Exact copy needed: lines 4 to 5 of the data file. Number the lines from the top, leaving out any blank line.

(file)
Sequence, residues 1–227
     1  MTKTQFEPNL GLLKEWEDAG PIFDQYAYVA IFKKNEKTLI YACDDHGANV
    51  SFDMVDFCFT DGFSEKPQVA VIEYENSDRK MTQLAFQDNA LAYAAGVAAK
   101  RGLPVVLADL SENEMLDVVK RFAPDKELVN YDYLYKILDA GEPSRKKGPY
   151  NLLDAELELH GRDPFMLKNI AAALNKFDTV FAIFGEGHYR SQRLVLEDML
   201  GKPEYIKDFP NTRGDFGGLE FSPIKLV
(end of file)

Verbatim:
   101  RGLPVVLADL SENEMLDVVK RFAPDKELVN YDYLYKILDA GEPSRKKGPY
   151  NLLDAELELH GRDPFMLKNI AAALNKFDTV FAIFGEGHYR SQRLVLEDML